fcSDK Cache files: sometimes more trouble then they're worth
One of the features of the fcSDK is its ability to cache frequently-used, rarely-changed data, such as the schema meta-data (ADP tables), lists (Application Lists, Status codes, User-defined lists), geography data (states, countries, time_zones, currencies), configuration items, and strings.
When the fcSDK starts up, it reads all of this data from the database and saves it into memory. In addition, it writes out the data to cache files. The next time the fcSDK starts up, if there are cache files present, it loads the data from the cache files, as opposed to having to go to the database. This improves the performance of the loading of the cache data, as reading from a local file is quicker than loading from a remote database.
However, these cache files can often cause trouble. If a piece of cache data is changed in the database, this change is not immediately propagated to the fcSDK, or its cache files. There are methods for telling the fcSDK to update its cache, or you can simply delete the cache files and restart the application, which will re-create the cache files.
However, remembering to manually delete the cache files (and sometimes even finding where the cache files are) can be a challenge.
One scenario that we run into occasionally is that a customer tries to start up an application that uses the fcSDK (such as fcClient or RuleManager), only to be presented with an error regarding corrupt cache data. The DataVerifier application can be used to validate and help track down corrupt data in the database. Once the bad data is fixed, and the DataVerifier shows that all is well, the original application still won’t start. This is because the bad data has already been cached to files. And when the app starts up, it loads the data in from the files, not from the database. The "fix" is to find where the application put its cache files, manually delete them, and restart the app. This all works, but its kind of a PITA, and normally results in a support call.
All this cache file stuff seemed like a good idea at the time (over 5 years ago). We’ve learned a lot since then.
We accounted for a performance problem that we didn’t have. No one complained that the startup time of fcSDK (or the original FCFL) was slow due to the time needed to cache data. We didn’t have this problem. But we implemented a solution. A solution for a problem that didn’t exist.
Note that I’m not saying that caching frequently used data in memory is bad. I still believe this is a good idea. I’m saying that the writing and reading of this data to files is where the trouble comes in.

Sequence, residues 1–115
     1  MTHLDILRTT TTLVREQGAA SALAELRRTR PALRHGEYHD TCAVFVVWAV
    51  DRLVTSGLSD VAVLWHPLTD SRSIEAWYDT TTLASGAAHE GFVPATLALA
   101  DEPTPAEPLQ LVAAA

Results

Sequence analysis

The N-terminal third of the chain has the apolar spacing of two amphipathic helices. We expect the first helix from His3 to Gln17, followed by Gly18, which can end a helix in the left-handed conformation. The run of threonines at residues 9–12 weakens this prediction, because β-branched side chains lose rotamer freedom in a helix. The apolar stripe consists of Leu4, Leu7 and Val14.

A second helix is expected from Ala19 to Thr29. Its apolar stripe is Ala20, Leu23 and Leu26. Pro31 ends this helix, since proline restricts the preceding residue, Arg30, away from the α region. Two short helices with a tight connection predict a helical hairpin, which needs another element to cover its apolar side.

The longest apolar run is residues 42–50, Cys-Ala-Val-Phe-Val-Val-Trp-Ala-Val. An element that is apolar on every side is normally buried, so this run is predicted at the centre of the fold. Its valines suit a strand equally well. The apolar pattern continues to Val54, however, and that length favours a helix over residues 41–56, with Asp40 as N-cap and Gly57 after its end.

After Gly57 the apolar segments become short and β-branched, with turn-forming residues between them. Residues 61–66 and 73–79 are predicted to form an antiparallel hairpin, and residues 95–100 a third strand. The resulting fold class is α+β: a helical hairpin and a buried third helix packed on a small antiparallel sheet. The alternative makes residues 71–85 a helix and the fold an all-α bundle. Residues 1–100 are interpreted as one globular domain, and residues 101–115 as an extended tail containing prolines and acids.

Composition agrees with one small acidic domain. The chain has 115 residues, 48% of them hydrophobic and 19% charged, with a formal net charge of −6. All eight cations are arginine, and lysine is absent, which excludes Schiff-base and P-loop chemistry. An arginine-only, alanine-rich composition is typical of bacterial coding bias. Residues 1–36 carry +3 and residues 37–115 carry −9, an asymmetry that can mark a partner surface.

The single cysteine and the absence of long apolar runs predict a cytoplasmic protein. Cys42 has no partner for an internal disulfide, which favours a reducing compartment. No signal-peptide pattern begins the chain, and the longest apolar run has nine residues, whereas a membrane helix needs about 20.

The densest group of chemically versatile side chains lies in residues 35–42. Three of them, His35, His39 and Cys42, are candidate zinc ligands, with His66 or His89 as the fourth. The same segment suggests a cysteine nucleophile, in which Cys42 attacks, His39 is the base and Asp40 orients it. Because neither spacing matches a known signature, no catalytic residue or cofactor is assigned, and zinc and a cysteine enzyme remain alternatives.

Most of the applications that use the fcSDK tend to be long-running apps, meaning that they start up, and stay running for a long time. Web applications (such as fcClient and fcSelfService) fall into this category, as do Windows services (such as SEC.NET and RuleManager). The few seconds saved (if that) at application startup time just don’t matter.
So where does it matter? It might matter in short-lived apps that need to start up quickly, do their work, and then terminate. For example, a business rule that calls a script or executable. i.e. a script that changes the severity of a case if its been stagnant for too long. These little apps need to start up, do some work, then end. And we want them to do their work quickly, especially if we need to run these scripts hundreds (or thousands) of times per day. So saving a few seconds in each of those instances might matter. (We’ll hold off on the discussion that there might be a better architectural solution to this type of problem anyway.)
Flipping the cache file switch
In your application’s config file, you can tell the fcSDK to not use cache files. The data will still be cached in memory, but not read from or written to cache files.
To disable cache files, simply set fchoice.nocachefile = true in your application config file (app.config for .NET apps, fc.env for COM-based apps).
This will force the fcSDK to read the data from the database every time the app starts up.
Hopefully this post will give you a little insight into the benefits and pitfalls of fcSDK caching, and perhaps even give you some things to think about next time you catch yourself in premature optimization mode.